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Journal of Molecular Evolution

, Volume 59, Issue 1, pp 103–113 | Cite as

Cyanobacterial Genes Transmitted to the Nucleus Before Divergence of Red Algae in the Chromista

  • Hisayoshi Nozaki
  • Motomichi Matsuzaki
  • Osami Misumi
  • Haruko Kuroiwa
  • Masami Hasegawa
  • Tetsuya Higashiyama
  • Tadasu Shin-i
  • Yuji Kohara
  • Naotake Ogasawara
  • Tsuneyoshi Kuroiwa
Article

Abstract

The plastids of red algae, green plants, and glaucophytes may have originated directly from a cyanobacterium-like prokaryote via primary endosymbiosis. In contrast, the plastids of other lineages of eukaryotic phototrophs appear to be the result of secondary or tertiary endosymbiotic events involving a phototrophic eukaryote and a eukaryotic host cell. Although phylogenetic analyses of multiple plastid genes from a wide range of eukaryotic lineages have been carried out, the phylogenetic positions of the secondary plastids of the Chromista (Heterokontophyta, Haptophyta and Cryptophyta) are ambiguous in a range of different analyses. This ambiguity may be the result of unusual substitutions or bias in the plastid genes established by the secondary endosymbiosis. In this study, we carried out phylogenetic analyses of five nuclear genes of cyanobacterial origin (6-phosphogluconate dehydrogenase [gnd], oxygen-evolving-enhancer [psbO], phosphoglycerate kinase [pgk], delta-aminolevulinic acid dehydratase [aladh], and ATP synthase gamma [atpC] genes), using the genome sequence data from the primitive red alga Cyanidioschyzon merolae 10D. The sequence data robustly resolved the origin of the cyanobacterial genes in the nuclei of the Chromista (Heterokontophyta and Haptophyta) and Dinophyta, before the divergence of the extant red algae (including Porphyra [Rhodophyceae] and Cyanidioschyzon [Cyadidiophyceae]). Although it is likely that gnd genes in the Chromista were transmitted from the cyanobacterium-like ancestor of plastids in the primary endosymbiosis, other genes might have been transferred from nuclei of a red algal ancestor in the secondary endosymbiosis. Therefore, the results indicate that the Chromista might have originated from the ancient secondary endosymbiosis before the divergence of extant red algae.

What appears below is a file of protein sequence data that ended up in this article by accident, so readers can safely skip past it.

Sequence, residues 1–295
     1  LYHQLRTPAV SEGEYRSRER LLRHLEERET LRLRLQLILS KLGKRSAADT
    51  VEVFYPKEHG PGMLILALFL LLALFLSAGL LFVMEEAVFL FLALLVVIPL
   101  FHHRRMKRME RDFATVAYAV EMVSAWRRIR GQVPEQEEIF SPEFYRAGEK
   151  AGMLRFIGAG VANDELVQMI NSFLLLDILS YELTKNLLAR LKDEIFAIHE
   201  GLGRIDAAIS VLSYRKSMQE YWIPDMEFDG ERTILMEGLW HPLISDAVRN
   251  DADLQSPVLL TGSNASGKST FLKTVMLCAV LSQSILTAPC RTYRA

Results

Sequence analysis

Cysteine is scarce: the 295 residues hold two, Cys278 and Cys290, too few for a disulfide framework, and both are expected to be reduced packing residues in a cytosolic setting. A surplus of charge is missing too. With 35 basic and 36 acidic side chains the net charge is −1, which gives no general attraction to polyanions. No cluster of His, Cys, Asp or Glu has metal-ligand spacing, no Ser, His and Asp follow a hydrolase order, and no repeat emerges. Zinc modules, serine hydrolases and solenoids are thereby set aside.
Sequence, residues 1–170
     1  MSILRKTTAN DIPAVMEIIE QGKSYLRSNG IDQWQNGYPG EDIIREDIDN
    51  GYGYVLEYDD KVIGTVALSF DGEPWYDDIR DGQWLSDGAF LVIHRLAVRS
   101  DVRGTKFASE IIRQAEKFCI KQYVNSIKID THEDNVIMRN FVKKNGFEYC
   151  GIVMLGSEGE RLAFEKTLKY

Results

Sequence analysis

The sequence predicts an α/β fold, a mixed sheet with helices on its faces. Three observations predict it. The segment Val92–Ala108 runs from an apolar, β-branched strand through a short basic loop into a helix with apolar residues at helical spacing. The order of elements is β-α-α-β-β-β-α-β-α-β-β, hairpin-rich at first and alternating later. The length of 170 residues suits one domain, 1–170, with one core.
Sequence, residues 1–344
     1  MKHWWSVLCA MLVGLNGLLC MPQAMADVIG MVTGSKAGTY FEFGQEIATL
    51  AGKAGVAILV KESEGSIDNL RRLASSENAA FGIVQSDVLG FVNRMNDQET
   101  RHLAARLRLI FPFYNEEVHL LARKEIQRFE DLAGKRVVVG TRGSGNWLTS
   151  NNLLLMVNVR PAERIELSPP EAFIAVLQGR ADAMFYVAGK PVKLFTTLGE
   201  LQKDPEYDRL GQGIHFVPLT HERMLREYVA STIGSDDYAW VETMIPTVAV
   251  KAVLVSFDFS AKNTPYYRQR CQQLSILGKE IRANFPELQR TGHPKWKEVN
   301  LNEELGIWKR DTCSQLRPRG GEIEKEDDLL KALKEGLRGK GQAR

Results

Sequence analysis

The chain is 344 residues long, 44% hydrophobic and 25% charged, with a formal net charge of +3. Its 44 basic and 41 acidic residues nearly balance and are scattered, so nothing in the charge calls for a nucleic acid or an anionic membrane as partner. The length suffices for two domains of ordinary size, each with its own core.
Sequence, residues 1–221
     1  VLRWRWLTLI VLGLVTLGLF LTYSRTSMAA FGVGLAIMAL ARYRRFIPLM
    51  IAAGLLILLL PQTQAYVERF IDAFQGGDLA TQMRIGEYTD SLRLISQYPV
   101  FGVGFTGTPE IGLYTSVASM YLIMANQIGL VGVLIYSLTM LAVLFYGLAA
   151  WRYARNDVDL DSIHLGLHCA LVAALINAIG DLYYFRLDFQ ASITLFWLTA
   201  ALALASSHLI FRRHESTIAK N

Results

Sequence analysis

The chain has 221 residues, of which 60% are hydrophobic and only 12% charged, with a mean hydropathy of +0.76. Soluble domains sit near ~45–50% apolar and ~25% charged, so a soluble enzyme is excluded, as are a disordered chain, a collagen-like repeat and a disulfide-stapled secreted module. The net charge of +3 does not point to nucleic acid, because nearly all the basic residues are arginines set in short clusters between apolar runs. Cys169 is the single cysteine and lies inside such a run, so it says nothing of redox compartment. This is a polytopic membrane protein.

Keywords

Chromista Cyanobacterial nuclear genes Phylogeny Plastids Primary endosymbiosis Secondary endosymbiosis 

Notes

Acknowledgments

This study was supported by Grant-in-Aid for Scientific Research on Priority Areas (c) “Genome Biology” from the Ministry of Education, Culture, Sports, Science and Technology, Japan (No. 1320611 to T.K.), and by the Program for the Promotion of Basic Research Activities for Innovative Biosciences (PROBRAIN; to T.K., T.H., and H.N.).

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Copyright information

© Springer-Verlag 2004

Authors and Affiliations

  • Hisayoshi Nozaki
    • 1
  • Motomichi Matsuzaki
    • 2
  • Osami Misumi
    • 3
    • 4
  • Haruko Kuroiwa
    • 3
    • 4
  • Masami Hasegawa
    • 1
    • 5
  • Tetsuya Higashiyama
    • 1
  • Tadasu Shin-i
    • 6
  • Yuji Kohara
    • 6
  • Naotake Ogasawara
    • 7
  • Tsuneyoshi Kuroiwa
    • 3
  1. 1.Department of Biological SciencesGraduate School of Science, University of TokyoHongo, Bunkyo-kuJapan
  2. 2.Department of Biomedical ChemistryGraduate School of Medicine, University of TokyoHongo, Bunkyo-kuJapan
  3. 3.Department of Life ScienceCollege of Science, Rikkyo (St. Paul’s) UniversityNishiikebukuro, Toshima-kuJapan
  4. 4.Bio-oriented Technology Research Advancement Institution (BRAIN)Toranomon, Minato-kuJapan
  5. 5.The Institute of Statistical MathematicsMinato-kuJapan
  6. 6.Center for Genetic Resource InformationNational Institute of GeneticsMishimaJapan
  7. 7.Graduate School of Biological SciencesNara Institute of Science and TechnologyIkomaJapan

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